For Trump, the key is to recognize that the Post-World War II period of multilateralism is over, and that continuing to act otherwise is harming the United States’ interests in multiple ways. For the United States 9/11 remains a defining moment, and 15 years of unsatisfactory operations in the Middle East do not mean that a solution is unattainable. Since NATO members are either unwilling to commit to this effort, or have very little to commit, the United States seeks other nations with a common interest, and chief among those is Russia. 

The U.S. and the U.N.

A bill introduced by Alabama Rep. Mike Rogers earlier this month calls on the US to “terminate” its membership in the United Nations (UN) and effectively sever all ties with the organisation.

And finally, some good news …


Disclaimer

Please note that Pilgrim Bobby does not (and cannot) ascribe to all things in the videos posted here. Where a video is posted it is because it offers a general perspective and tone that reflects the times we are in and the perils that we face. For instance, Mr du Noon, of Israeli News Live (INL), whom we respect greatly (and for his military insights) and who we love as a fellow believer in Yeshua, is of the opinion (as are many) that the Vatican is the seat of antichrist. Here at NB3S, we do believe that the Vatican is on the wrong side of history but we do not ascribe to the view that it’s leader (call no man father) is the antichrist. That he is a significant player in the End Times, we have no doubt. You do the math.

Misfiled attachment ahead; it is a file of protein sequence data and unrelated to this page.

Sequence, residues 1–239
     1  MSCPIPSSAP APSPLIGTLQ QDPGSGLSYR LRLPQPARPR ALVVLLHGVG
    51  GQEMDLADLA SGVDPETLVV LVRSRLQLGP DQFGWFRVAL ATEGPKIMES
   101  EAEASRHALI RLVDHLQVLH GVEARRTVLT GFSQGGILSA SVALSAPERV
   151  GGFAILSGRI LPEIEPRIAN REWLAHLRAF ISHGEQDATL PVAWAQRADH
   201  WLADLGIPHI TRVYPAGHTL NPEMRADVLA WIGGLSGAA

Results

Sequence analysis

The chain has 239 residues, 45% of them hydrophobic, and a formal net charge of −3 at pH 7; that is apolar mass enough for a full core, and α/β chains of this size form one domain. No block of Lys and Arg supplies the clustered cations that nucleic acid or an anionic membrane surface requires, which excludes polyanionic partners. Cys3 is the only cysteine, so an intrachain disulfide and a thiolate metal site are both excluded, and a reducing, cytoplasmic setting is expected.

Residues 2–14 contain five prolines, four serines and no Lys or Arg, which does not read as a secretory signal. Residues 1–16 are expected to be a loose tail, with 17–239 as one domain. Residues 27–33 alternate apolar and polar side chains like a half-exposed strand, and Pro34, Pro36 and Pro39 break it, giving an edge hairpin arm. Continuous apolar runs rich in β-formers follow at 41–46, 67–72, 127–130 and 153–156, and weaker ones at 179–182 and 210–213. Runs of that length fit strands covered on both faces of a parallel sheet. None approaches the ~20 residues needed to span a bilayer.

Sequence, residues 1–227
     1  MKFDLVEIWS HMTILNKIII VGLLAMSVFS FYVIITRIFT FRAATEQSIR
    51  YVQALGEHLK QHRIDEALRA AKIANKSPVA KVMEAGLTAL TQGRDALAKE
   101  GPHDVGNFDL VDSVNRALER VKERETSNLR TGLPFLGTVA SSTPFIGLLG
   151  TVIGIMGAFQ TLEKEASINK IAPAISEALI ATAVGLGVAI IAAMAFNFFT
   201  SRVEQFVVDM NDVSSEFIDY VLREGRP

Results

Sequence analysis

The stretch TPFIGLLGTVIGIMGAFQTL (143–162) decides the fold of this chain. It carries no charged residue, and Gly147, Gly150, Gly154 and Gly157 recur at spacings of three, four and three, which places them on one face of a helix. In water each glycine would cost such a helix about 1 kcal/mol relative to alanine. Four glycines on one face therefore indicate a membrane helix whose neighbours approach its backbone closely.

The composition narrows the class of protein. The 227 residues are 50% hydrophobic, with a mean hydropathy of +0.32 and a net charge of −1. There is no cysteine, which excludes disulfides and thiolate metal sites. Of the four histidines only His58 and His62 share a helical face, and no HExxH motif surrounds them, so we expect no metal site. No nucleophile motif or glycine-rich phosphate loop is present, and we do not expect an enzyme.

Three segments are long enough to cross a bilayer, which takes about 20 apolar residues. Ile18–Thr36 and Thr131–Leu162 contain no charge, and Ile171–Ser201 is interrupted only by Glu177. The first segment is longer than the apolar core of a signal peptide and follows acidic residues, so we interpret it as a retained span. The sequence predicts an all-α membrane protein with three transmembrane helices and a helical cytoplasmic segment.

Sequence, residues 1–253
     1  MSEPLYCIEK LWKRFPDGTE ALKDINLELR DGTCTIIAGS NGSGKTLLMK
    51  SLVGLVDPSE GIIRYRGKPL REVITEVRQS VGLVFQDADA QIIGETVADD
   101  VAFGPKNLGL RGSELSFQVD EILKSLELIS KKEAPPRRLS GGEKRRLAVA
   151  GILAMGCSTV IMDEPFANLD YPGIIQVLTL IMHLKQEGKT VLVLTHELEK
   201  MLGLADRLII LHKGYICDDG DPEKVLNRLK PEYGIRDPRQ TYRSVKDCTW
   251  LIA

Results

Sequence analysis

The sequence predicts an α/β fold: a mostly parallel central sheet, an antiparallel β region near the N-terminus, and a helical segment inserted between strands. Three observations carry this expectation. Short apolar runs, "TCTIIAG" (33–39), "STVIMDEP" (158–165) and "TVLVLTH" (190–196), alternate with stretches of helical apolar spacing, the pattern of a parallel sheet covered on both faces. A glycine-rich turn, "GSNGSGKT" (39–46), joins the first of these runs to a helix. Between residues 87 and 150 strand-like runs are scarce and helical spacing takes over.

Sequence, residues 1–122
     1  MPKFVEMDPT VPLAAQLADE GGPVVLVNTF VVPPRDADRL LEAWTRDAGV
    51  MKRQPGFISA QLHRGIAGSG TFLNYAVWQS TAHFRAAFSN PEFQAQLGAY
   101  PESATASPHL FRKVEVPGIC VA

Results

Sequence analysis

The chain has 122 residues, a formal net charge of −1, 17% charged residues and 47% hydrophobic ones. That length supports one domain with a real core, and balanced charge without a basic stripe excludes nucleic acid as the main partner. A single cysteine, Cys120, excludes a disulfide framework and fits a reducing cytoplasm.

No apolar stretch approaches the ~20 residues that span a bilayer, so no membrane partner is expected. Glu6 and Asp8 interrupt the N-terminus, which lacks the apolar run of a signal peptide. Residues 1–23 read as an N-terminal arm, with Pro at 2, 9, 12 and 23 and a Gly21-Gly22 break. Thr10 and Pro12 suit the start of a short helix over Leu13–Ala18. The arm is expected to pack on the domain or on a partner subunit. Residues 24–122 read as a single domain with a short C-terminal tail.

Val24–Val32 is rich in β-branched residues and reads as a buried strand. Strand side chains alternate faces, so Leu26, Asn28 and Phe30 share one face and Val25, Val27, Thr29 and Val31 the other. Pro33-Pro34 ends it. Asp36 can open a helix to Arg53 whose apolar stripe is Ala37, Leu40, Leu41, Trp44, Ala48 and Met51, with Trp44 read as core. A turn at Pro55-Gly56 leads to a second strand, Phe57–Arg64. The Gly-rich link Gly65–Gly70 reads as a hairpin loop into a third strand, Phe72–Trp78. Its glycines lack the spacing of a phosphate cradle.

Romancing the Stone” [of course] is a 1984 American action-adventure romantic comedy starring Michael Douglas, Kathleen Turner and Danny DeVito.

Annotations

Psalm 83
A Song or Psalm of Asaph.

1 Keep not thou silence, O God:
hold not thy peace, and be not still, O God.
2 For, lo, thine enemies make a tumult:
and they that hate thee have lifted up the head.
3 They have taken crafty counsel against thy people,
and consulted against thy hidden ones.
4 They have said, Come, and let us cut them off from being a nation;